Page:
Zhao, Ming-Tao; Yang, Xiaoyu; Lee, Kiho; Mao, Jiude; Teson, Jennifer M; Whitworth, Kristin M; Samuel, Melissa S; Spate, Lee D; Murphy, Clifton N; Prather, Randall S

    2012-09-20

    Multipotent skin-derived progenitors (SKPs) can be traced back to embryonic neural crest cells and are able to differentiate into both neural and mesodermal progeny in vitro. Neural stem cells (NSCs) are capable of self-renewing and can contribute to neuron and glia in the nervous system. Recently, we derived porcine SKPs and NSCs from the same enhanced green fluorescent protein (EGFP) transgenic fetuses and demonstrated that SKPs could contribute to neural and mesodermal lineages in vivo. However, it remains unclear whether porcine SKPs and NSCs can generate ectoderm and mesoderm lineages or other germ layers in vivo. Embryonic chimeras are a well-established tool for investigating cell lineage determination and cell potency through normal embryonic development. Thus, the purpose of this study was to investigate the in vivo developmental potential of porcine SKPs and fetal brain-derived NSCs by chimera production. Porcine SKPs, NSCs, and fibroblasts were injected into precompact in vitro fertilized embryos (IVF) and then transferred into corresponding surrogates 24 h postinjection. We found that porcine SKPs could incorporate into the early embryos and contribute to various somatic tissues of the 3 germ layers in postnatal chimera, and especially have an endodermal potency. However, this developmental potential is compromised when they differentiate into fibroblasts. In addition, porcine NSCs fail to incorporate into host embryos and contribute to chimeric piglets. Therefore, neural crest-derived SKPs may represent a more primitive state than their counterpart neural stem cells in terms of their contributions to multiple cell lineages.

  6. Heart transplantation.

    Science.gov (United States)

    Cheng, Allen; Slaughter, Mark S

    2014-08-01

    Heart failure remains a major global problem with approximately 6 million individuals suffering from heart failure in the United States alone. The surgical technique of heart transplantation, popularized by Dr. Norman Shumway, has led to its success and currently remains the best treatment options for patients with end-stage. However, with the continued limitation of donor organs and the rapid development of ventricular assist device technology, the number of patients bridged to transplant with mechanical circulatory support has increased significantly. This has created some new technical challenges for heart transplantation. Therefore, it is now important to be familiar with multiple new technical challenges associated with the surgical techniques of heart transplantation with an ultimate goal in reducing donor heart ischemic time, recipient cardiopulmonary bypass time and post-operative complications. In this review, we described our technique of heart transplantation including the timing of the operation, recipient cardiectomy and donor heart implantation.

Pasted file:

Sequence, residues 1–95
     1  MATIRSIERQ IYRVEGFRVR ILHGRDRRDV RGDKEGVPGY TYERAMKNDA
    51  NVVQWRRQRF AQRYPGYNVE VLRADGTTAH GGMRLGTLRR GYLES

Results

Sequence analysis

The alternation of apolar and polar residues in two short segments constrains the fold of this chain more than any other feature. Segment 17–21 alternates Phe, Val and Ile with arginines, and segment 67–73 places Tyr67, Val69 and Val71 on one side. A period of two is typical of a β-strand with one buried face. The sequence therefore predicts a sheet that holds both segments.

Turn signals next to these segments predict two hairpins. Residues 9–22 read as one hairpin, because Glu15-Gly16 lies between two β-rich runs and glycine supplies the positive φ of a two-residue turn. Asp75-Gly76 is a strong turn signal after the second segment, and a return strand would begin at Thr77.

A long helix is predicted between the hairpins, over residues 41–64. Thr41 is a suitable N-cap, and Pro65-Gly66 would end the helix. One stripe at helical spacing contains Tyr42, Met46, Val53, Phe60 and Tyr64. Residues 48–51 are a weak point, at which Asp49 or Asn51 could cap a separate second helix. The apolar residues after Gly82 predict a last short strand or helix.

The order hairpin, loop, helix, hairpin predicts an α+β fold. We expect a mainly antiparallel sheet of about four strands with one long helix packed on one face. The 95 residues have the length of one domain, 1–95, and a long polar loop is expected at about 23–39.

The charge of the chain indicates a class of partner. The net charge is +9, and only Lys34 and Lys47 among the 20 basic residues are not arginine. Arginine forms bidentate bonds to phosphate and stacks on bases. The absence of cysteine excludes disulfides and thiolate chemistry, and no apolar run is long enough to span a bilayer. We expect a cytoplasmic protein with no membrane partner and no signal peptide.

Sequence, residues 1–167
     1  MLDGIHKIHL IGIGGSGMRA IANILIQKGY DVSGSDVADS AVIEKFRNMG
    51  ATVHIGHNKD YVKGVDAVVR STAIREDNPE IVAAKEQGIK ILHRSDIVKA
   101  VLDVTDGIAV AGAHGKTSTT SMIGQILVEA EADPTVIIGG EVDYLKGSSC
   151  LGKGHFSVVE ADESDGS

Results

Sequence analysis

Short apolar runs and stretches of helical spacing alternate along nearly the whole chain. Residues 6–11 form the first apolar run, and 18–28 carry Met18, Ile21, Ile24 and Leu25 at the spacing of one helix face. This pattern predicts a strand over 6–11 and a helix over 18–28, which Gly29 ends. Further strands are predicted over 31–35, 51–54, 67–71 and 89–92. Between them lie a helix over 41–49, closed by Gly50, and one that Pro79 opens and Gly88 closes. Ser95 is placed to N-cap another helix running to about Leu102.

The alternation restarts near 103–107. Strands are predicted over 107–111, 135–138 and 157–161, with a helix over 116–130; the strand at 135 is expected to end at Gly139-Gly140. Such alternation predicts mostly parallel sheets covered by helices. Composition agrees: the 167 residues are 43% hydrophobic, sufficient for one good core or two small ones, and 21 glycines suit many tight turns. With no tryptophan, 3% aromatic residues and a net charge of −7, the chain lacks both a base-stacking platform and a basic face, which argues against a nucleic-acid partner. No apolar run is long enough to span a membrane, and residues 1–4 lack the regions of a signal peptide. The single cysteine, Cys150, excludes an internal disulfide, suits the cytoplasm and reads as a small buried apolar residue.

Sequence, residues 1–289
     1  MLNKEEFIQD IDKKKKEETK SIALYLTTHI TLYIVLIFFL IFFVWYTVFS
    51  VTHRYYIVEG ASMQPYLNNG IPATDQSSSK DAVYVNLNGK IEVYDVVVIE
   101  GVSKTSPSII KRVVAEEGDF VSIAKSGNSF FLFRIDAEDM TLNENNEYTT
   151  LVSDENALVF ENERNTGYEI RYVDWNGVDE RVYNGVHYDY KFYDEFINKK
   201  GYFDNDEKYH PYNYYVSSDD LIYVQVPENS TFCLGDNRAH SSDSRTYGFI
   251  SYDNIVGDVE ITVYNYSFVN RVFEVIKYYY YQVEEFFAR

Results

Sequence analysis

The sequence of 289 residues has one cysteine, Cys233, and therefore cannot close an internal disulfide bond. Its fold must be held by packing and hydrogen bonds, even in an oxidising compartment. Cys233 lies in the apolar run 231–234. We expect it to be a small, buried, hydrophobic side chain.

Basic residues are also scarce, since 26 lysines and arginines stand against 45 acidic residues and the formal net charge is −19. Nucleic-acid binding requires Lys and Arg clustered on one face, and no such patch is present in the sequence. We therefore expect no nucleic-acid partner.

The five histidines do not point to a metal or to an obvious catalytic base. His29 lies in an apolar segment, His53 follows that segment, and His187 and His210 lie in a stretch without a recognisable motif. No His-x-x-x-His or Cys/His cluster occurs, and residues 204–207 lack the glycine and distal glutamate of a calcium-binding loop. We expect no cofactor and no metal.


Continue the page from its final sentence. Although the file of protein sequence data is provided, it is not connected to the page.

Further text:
7. Enlarged Heart

    Science.gov (United States)

    ... the valves are damaged by conditions such as rheumatic fever, a heart defect, infections (infectious endocarditis), connective tissue disorders, certain medications or radiation treatments for cancer, your heart may ...

  8. Heart Truth

    Science.gov (United States)

    ... health! Get a free badge or banner to post to your website or blog. Are you at risk for heart disease? Here's how to find out . Planning to use The Heart Truth logo? Check out our logo guidelines and downloads. ...

  9. Heart Failure

    Science.gov (United States)

    ... heart failure due to systolic dysfunction. http://www.uptodate.com/home. Accessed Sept. 26, 2014. Colucci WS. ... patient with heart failure or cardiomyopathy. http://www.uptodate.com/home. Accessed Sept. 26, 2014. Colucci WS. ...

  10. Heart Failure

    DEFF Research Database (Denmark)

    Jorsal, Anders; Wiggers, Henrik; McMurray, John J V

    2018-01-01

    This article briefly discusses the epidemiology of heart failure and diabetes and summarizes the key findings from the recent cardiovascular outcome trials in patients with type 2 diabetes, with a focus on heart failure as an endpoint.......This article briefly discusses the epidemiology of heart failure and diabetes and summarizes the key findings from the recent cardiovascular outcome trials in patients with type 2 diabetes, with a focus on heart failure as an endpoint....

  11. Telangiectasis in CREST syndrome and systemic sclerosis: correlation of clinical and pathological features with response to pulsed dye laser treatment.

    Science.gov (United States)

    Halachmi, Shlomit; Gabari, Osama; Cohen, Sarit; Koren, Romelia; Amitai, Dan Ben; Lapidoth, Moshe

    2014-01-01